Russian Nuclear Exports to Iran: US Policy Change Needed

Cristina Chuen
December 21, 2011

Russian Nuclear Exports to Iran: Vlademir Putin and Mahmoud Ahmadinejad

Vlademir Putin and Mahmoud Ahmadinejad,
Source: WikiMedia Commons

On March 29, the State Department is scheduled to report to Congress on nuclear proliferation prevention in Iran. (1) Part of the report is likely to focus on Russia’s role in Iran’s nuclear development. Preventing Iran from obtaining nuclear weapons has been a key US concern since the overthrow of the Shah, while stopping the spread of nuclear knowledge and materials from Russia has been a top priority since the fall of the Soviet Union. Even as US policies have met with some success in both areas, there continue to be primary problem areas. US pressure on third countries to halt all nuclear cooperation with Iran surely slowed its nuclear programs; however, Iran now appears to have the ability to create the nuclear materials it needs to build a bomb. If the United States is to be successful in preventing Iran from actually building nuclear weapons, it must both focus its aims more narrowly, and expand its tools for influencing that nation. Russia’s role remains crucial in this regard, but the US approach to Russia may need to change, from threatening to cut off nonproliferation assistance to Russia and blocking Russia’s commercial nuclear projects (like Russian imports of Western spent nuclear fuel) to cooperating with Russia and encouraging it to engage Iran. Otherwise, the nuclear situation in both Iran and Russia may deteriorate.

The Situation in Iran

The United States was successful in persuading Germany, and later China, to halt nuclear cooperation with Iran, but has failed to stop the Russian project to complete a light-water reactor at Bushehr. (2) (For details on the reactor project, see the Bushehr section of the Global Security Website, at The United States has tried a variety of carrots and sticks to persuade Russia to cancel the Bushehr project, most notably linking cancellation to the provision of nonproliferation assistance and, in 2002, to permission to import US-origin spent nuclear fuel (SNF) to Russia for potentially lucrative storage contracts with foreign governments. However, the Bushehr reactor is now reported to be about 70% complete, and the first shipment of Russian nuclear fuel to Iran may be sent in a matter of months.

While the light-water reactor technology itself is not of great proliferation concern, there is concern that Iran might obtain weapons-grade material by reprocessing the spent nuclear fuel used in the power plant’s reactors. Of even greater concern is the possibility that Iran has and will continue to use the Bushehr project as a cover for obtaining weapons technologies. Indeed, in a secret protocol to the January 1995 Russian-Iranian Bushehr nuclear power plant (NPP) contract, the Russian Ministry of Atomic Energy (Minatom) promised to supply Iran with key fuel-cycle facilities, including light-water research reactors, fuel fabrication facilities, and an uranium enrichment centrifuge plant. (3) US protests resulted in a Russian promise to limit Russian cooperation to Bushehr Unit 1, the supply of nuclear fuel, and training. However, the United States continued to worry that sensitive technologies would be transferred from Russia to Iran, with the tacit approval of Minatom, and pushed Russia to obtain an Iranian agreement on the return of all spent nuclear fuel from Bushehr.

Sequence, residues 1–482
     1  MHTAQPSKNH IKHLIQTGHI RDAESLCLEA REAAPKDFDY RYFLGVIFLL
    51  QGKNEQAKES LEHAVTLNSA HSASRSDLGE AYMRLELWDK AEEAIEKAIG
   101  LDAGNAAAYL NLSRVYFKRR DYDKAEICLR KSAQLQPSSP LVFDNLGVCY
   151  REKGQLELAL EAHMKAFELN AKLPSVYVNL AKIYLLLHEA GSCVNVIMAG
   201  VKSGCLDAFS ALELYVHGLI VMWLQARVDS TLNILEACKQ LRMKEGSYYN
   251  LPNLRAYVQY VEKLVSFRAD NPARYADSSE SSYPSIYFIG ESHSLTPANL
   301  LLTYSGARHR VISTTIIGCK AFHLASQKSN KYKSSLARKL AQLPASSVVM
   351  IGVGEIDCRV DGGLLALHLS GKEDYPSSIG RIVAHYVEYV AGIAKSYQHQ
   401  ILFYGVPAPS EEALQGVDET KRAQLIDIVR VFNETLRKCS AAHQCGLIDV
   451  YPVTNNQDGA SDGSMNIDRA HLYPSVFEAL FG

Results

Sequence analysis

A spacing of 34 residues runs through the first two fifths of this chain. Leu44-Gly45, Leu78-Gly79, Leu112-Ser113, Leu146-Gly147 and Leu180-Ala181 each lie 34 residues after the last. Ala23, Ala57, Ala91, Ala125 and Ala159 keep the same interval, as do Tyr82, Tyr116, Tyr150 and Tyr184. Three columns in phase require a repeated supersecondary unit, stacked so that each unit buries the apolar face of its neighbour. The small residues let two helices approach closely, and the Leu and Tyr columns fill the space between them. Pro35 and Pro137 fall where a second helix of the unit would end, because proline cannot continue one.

The existence of a uranium enrichment plant at Natanz, Iran, was first publicly revealed in August 2002 by an Iranian opposition group. On December 13, 2002, IAEA Director General Mohamed ElBaradei said that reports on Iran’s nuclear activities had not surprised the Agency, citing Agency discussions with Iranian authorities over the past six months. In February 2003, ElBaradei visited the site, where uranium hexafluoride will be centrifuged to separate uranium-235. The technology can be used to enrich uranium beyond the needs of power reactors, for use in weapons. (For more information on the Natanz facility, see David Albright and Corey Hinderstein, “The Iranian Gas Centrifuge Uranium Enrichment Plant at Natanz” at The hexafluoride will come from a plant at Esfahan. According to Gholamreza Aghazadeh, head of the Atomic Energy Organization of Iran, the latter plant will be used to convert uranium ore mined in Iran’s Yazd region into three forms: metal, oxide, and hexafluoride. The metal form can be used in nuclear weapons as a tamper – a layer of material wrapped around the core of a nuclear bomb to increase its yield by holding in the explosion long enough for the chain reaction to be completed. Uranium oxide can be used to fuel reactors, but not the Bushehr NPP, which will use low-enriched uranium. Instead, the oxide may be intended for use in a heavy-water reactor, which could be used to make plutonium. Although there are no reports that Iran is building a heavy-water reactor, it is constructing a heavy-water plant at Arak. (4) This means Iran may soon be able to create two types of weapons-grade material: highly enriched uranium and plutonium. It has also been working on delivery systems and associated technologies.

Russia’s Role in Iran’s Nuclear Programs to Date